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China-Based Internet Company Alibaba Debuts On New York Stock Exchange
Executive Chairman of Alibaba Group Jack Ma poses for a photo outside the New York Stock Exchange prior to the company's initial price offering (IPO) on September 19, 2014 in New York City.  Andrew Burton—Getty Images

Jack Ma, Alibaba's founder, in the IPO Spotlight

Sep 19, 2014

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This post is in partnership with Fortune, which offers the latest business and finance news. Read the article below originally published at Fortune.com.

By Verne Kopytoff

Jack Ma, co-founder of Chinese online retailer Alibaba Group, likes to tell anyone listening that his company faced slim odds as a startup.

“We are a very lucky company,” he recalled during a talk at Stanford University in 2011. “There was no chance that we would survive. I don’t have any background, rich father, or strong uncles.”

Today, Alibaba is an e-commerce colossus that is roughly the equivalent of eBay, PayPal, and Amazon.com combined. On Tuesday, it filed for an initial public offering that could be the largest in U.S. history. Ma, a former school teacher and English translator, stepped down as Alibaba’s chief executive last year to, as he put it, leave room for younger talent that is more in tune with today’s Internet. However, as executive chairman, he still casts a long shadow over the company as its strategist and philosopher-in-chief.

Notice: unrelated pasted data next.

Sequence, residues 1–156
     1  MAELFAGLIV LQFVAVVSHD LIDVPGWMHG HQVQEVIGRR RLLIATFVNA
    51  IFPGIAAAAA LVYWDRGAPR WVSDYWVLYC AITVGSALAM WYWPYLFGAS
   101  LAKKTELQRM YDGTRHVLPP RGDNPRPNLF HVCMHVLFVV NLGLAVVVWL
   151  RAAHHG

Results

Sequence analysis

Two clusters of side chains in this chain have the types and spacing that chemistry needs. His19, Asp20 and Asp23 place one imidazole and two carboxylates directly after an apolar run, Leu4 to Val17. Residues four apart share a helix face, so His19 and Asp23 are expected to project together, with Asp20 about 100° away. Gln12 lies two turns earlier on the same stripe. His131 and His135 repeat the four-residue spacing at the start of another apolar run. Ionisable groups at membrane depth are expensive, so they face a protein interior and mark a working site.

“He’s clearly a pioneer and a visionary,” said Victor Koo, chief executive of Youku, a Chinese online television site in which Alibaba recently led a $1.2 billion investment.

The two men first met 15 years ago when Koo tried to recruit Ma for a job just before Alibaba’s birth. At the time, Ma would only reveal the name of his brainchild but not its business plan. “I can’t tell you what it is – it’s a secret,” Koo recalled Ma saying during their talk. They crossed paths yet again during the recent negotiations for Alibaba’s stake in Youku. As usual, Ma was quite involved during meetings despite officially withdrawing from Alibaba’s day-to-day management and leaving the CEO job to his lieutenant, Jonathan Lu.

For the rest of the story, please go to Fortune.com.

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